Exploring is all about spending time on the street, either on foot or on a bike. Strap on a backpack and hit the road. I’m a big fan of fstop gear bags for three reasons; they’re super comfy, they’re not immediately recognisable as photo gear bags (thereby allowing you to blend into a crowd) and they provide easy access to kit. Trying to stay unnoticed is key. Depending on where you are in the world, that could mean looking like a local or a tourist. Ditch the tripod, travel light and keep your camera in your pack (lens mounted) until you really need it. Walking around with your camera around your neck would be a definite no no and simply draw attention to yourself.
Beat sunrise and shoot well beyond midnight. Remember the unexpected stories come from the out-of-the-ordinary. Every city bustles with energy 24hrs a day. Think bakeries, fish markets, bus stations, entertainment areas, ports… they all run around the clock and each one tells a story regardless of the time of day. If travel time is an issue, just book a room in a cool neighbourhood. I booked a heritage hotel along the Dubai Creek once to fully immerse myself in three days of exploring Deira and Bur Dubai. A truly amazing experience.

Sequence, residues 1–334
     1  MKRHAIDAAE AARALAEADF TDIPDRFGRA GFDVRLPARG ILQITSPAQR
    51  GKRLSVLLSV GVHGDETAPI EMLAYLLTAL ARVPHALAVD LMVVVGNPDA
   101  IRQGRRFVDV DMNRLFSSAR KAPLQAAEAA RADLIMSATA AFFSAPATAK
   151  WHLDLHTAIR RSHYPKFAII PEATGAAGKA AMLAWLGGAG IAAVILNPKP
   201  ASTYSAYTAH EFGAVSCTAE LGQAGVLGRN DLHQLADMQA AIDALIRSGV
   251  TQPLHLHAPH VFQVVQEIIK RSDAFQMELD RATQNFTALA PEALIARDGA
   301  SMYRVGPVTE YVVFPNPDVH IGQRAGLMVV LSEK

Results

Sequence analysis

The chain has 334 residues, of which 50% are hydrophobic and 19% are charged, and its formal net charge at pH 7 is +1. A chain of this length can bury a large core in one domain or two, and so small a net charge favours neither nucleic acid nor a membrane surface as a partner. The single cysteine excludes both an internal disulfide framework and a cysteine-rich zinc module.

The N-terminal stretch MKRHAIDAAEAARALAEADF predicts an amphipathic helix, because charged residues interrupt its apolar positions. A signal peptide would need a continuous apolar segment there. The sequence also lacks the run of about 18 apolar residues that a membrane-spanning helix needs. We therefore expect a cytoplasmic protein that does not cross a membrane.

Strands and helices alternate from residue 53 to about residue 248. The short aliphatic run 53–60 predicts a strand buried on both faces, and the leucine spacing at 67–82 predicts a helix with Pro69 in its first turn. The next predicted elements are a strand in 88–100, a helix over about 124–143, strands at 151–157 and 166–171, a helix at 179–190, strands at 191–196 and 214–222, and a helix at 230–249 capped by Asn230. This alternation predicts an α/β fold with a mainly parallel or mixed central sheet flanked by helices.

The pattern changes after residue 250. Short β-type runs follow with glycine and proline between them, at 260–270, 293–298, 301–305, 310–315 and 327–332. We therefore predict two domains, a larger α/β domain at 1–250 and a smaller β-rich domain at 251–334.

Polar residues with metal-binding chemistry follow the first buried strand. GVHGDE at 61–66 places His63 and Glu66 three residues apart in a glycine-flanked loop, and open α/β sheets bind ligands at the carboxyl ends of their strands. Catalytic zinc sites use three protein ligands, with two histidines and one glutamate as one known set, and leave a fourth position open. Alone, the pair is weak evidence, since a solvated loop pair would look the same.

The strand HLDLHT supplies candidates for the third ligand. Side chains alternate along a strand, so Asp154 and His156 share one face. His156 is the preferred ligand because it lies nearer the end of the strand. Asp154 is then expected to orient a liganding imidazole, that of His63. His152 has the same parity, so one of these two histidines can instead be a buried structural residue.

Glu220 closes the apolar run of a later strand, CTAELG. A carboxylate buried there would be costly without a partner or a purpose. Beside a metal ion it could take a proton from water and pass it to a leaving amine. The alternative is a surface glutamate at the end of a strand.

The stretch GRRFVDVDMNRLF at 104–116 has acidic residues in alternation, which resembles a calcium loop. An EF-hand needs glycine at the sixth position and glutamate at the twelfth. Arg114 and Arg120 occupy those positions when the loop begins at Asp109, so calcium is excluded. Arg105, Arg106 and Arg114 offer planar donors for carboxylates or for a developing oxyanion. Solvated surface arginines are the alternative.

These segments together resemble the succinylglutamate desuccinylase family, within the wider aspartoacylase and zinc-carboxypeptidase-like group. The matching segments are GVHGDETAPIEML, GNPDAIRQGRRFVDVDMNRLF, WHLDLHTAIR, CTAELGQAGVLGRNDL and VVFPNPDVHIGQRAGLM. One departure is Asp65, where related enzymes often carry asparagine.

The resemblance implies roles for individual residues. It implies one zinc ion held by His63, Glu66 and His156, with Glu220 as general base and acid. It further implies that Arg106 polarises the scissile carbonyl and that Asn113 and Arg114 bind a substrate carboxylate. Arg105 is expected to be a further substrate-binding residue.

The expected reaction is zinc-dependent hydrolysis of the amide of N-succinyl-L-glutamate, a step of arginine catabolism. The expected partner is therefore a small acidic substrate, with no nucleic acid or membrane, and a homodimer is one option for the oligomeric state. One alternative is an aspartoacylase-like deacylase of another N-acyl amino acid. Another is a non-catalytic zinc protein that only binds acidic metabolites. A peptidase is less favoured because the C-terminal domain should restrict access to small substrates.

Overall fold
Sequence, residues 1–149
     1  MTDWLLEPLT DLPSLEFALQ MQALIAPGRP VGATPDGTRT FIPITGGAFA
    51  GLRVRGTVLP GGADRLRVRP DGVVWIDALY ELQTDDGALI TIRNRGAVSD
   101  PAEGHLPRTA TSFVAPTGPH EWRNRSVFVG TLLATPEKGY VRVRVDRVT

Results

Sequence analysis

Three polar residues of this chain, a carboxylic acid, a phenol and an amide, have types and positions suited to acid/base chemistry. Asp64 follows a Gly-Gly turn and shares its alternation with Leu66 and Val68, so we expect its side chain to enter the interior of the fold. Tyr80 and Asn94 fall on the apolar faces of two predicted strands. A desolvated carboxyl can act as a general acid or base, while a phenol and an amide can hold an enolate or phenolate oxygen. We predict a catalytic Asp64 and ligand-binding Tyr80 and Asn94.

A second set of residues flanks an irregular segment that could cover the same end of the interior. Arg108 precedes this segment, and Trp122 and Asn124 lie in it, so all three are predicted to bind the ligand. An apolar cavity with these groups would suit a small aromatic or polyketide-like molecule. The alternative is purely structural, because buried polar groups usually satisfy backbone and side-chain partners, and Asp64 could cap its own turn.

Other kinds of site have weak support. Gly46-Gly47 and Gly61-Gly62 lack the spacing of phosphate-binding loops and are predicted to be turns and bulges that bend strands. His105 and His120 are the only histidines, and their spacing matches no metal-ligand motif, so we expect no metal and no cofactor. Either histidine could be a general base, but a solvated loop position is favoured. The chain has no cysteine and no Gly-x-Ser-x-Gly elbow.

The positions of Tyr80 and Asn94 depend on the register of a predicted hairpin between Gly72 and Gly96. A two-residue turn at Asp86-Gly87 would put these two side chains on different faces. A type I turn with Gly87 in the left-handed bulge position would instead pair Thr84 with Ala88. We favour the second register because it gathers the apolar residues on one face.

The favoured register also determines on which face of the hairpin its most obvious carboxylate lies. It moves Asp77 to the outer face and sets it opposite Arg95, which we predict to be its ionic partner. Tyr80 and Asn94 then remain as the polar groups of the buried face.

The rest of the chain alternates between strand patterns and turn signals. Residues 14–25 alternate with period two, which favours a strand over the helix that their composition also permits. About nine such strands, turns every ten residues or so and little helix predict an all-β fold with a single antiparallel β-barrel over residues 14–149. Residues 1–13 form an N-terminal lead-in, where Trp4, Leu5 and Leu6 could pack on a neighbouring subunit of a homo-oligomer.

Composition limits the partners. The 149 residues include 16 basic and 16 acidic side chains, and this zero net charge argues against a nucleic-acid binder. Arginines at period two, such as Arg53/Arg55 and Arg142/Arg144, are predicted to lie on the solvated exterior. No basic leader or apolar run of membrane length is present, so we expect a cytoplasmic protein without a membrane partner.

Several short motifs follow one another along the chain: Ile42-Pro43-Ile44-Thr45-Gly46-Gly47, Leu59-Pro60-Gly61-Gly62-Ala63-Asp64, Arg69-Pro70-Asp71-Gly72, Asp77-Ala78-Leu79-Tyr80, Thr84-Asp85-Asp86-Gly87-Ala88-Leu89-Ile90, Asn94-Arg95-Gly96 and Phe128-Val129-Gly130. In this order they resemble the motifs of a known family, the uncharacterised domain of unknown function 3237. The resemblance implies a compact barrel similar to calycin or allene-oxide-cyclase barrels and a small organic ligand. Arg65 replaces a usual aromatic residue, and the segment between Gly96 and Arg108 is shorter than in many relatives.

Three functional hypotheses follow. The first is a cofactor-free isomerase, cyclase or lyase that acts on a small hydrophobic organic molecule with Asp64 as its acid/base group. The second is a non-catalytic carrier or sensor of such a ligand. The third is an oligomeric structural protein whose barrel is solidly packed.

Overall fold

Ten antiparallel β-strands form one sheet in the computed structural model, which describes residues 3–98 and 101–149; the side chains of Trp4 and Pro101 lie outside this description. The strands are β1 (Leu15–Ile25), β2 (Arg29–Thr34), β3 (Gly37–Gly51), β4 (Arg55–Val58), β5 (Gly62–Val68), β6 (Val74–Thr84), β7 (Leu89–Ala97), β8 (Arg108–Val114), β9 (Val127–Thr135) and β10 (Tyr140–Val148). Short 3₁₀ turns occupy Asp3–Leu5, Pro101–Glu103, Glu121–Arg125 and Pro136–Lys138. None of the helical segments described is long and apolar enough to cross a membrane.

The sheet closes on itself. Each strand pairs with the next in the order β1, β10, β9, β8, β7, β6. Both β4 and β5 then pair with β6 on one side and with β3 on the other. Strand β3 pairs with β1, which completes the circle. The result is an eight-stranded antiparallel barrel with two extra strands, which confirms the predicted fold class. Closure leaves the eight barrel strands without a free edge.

Heba showing off her latest collection of Canon gear…
With regards to access, my advice is to be bold. Ask for forgiveness rather than permission. From experience, I know that if you ask the question re whether its ok to enter somewhere to take a photograph, you’ll spend ages waiting for someone to respond, which eventually turns out to be “Problem Sir, not allowed. No photo”. This particularly applies in this part of the world. So just find a way, walk with confidence like you know where you’re going and keep moving forward.